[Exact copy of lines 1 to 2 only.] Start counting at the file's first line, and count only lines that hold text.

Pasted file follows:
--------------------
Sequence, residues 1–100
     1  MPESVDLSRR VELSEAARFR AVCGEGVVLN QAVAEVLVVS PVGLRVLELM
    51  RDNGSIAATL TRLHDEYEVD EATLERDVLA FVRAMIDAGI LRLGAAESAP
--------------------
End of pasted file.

Sequence, residues 1–100
     1  MPESVDLSRR VELSEAARFR AVCGEGVVLN QAVAEVLVVS PVGLRVLELM